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Backpack Program serves 1,050 meals

St. Paul’s Episcopal Church in The Dalles is responsible for filling up backpacks during March with two breakfasts, two lunches and two dinners for children who don’t have enough food over the weekend.

Photo by Derek Wiley
St. Paul’s Episcopal Church in The Dalles is responsible for filling up backpacks during March with two breakfasts, two lunches and two dinners for children who don’t have enough food over the weekend.



The Community Backpack program keeps expanding.

Started with high school students in the spring of 2012, the program, which helps kids who don’t have enough food over the weekend, grew into the middle school the following January and then to the elementary schools in 2014.

Earlier this month, co-coordinators Glenis Schreffler and Linda Elsberry, along with many more volunteers, filled up six more backpacks — each with two breakfasts, two lunches and two dinners for kids at one of the four programs at the Wahtonka Campus.

Schreffler hopes to soon deliver to all four programs.

“All four have been invited,” she said. “They just haven’t identified kids yet.”

Supported by eight churches and two sororities, the backpack program served 1,050 meals, had 28 volunteers, sent out 2,181 pounds of food and had another 762 pounds donated in February.

Each church is assigned a month to serve. A group of volunteers fills up backpacks on Thursday at First United Methodist Church, which are then picked up by each school Friday between 1:30-2 p.m. LDS, Ward 1 had February and St. Paul’s Episcopal has March.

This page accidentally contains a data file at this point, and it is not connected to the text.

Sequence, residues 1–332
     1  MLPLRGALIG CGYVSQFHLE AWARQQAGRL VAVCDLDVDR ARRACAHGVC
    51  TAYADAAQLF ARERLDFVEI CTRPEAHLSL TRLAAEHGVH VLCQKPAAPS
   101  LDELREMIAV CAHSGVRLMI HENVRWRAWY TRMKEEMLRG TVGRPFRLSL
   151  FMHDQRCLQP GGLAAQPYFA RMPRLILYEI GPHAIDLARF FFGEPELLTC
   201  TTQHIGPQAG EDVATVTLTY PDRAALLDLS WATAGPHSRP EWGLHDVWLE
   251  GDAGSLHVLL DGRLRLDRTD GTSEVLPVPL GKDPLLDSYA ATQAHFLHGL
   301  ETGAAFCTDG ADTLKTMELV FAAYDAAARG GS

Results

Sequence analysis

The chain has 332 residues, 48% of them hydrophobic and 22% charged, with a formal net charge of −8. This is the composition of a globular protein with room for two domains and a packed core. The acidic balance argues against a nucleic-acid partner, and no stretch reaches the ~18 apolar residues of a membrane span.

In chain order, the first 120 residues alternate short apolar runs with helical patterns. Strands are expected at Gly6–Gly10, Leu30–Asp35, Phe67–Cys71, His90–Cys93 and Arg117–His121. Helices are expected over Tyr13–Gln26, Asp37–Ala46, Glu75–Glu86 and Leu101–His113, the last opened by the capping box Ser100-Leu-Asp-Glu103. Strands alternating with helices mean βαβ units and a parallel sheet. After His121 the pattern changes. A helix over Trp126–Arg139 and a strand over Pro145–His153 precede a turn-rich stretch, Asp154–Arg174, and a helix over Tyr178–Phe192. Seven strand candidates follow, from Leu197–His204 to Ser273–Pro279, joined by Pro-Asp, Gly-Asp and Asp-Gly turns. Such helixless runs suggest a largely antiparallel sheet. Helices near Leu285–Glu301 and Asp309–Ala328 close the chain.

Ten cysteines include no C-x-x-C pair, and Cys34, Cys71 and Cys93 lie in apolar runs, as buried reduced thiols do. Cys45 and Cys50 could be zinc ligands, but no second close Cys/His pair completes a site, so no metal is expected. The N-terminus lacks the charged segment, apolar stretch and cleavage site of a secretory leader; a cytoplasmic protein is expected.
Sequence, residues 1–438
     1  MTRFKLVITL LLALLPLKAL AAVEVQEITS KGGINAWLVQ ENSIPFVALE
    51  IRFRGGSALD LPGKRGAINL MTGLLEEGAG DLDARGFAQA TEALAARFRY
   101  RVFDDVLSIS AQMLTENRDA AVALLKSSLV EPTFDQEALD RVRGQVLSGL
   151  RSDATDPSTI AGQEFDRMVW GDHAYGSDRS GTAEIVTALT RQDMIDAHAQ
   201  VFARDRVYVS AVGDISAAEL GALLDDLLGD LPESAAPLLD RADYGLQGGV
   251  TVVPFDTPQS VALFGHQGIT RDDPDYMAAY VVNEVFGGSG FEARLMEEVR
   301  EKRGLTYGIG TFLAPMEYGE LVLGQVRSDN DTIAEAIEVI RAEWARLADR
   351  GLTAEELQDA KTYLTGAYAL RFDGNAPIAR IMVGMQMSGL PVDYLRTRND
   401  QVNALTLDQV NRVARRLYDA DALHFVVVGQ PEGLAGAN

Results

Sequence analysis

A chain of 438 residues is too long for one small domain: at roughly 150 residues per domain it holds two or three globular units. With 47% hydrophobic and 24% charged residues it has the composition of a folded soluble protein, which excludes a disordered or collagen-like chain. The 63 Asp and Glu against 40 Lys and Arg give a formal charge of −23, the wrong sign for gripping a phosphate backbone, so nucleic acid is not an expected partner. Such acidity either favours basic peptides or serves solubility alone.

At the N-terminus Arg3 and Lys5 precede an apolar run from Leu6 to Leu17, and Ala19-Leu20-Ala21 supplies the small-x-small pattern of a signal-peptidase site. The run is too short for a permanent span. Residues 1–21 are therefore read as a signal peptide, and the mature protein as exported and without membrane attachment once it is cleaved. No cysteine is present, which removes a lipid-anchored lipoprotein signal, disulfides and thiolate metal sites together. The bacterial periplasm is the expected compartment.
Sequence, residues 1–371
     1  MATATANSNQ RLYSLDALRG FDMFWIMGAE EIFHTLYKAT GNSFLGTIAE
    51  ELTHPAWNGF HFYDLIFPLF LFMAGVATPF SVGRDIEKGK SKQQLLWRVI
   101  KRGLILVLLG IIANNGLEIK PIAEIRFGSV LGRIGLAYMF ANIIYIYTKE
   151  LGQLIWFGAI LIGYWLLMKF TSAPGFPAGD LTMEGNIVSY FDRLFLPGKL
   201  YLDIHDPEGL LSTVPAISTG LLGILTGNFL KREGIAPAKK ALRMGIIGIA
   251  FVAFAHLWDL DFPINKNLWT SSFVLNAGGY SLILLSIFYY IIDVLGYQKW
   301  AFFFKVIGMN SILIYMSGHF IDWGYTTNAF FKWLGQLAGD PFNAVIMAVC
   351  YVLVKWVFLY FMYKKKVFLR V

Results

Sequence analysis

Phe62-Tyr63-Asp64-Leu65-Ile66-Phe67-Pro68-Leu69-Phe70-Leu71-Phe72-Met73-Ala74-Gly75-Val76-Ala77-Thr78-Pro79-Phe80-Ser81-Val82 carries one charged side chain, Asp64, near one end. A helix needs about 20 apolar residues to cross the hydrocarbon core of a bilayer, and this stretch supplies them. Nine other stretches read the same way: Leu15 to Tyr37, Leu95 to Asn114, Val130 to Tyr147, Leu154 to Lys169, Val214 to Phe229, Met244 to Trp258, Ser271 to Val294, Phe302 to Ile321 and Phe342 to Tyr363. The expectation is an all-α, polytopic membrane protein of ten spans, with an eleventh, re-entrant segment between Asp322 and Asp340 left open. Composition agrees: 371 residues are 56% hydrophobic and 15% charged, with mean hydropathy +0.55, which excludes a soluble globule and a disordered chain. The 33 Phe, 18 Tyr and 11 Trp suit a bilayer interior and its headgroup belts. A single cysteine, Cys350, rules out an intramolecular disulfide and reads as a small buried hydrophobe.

“It’s truly an ecumenical, community program, even though it’s housed here, the Methodists don’t claim it,” Schreffler said. “It just got started here and has grown with the community.

“It’s well supported. People don’t want to see kids hungry.” The program is also “spirit led.”

Schreffler said every time Elsberry and her talk about a problem, they get a solution.

Last summer, when they needed to replace backpacks but didn’t want to use donated money meant for food, Schreffler received a call from John Adams. He had a $1,000 check, courtesy of the Masons, and didn’t care how the money was spent.

Schreffler and Elsberry then went to Staples.

“The manager there was an absolute delight and gave us a big discount on our backpacks and we were able to replace a good portion, about half,” Schreffler said.

Another time, a former member of the First United Methodist Church in The Dalles was in town and asked Schreffler what she needed for the program.

When she said a freezer, he told Schreffler to go buy it and send her the receipt.

“Every thought that we’ve had is answered. I’m thinking we might talk about a Cadillac,” Schreffler joked.

Donations of money or food can be dropped off at First United Methodist Church, 305 E.11th St., from 10 a.m. to 2 p.m. Monday through Friday. Cash or checks can also be mailed—make checks out to Community Backpack Program—and food can also be delivered during non-office hours in a drop box located in the church parking lot, which was built by the Calvary Baptist men’s group—Fix it for Him.



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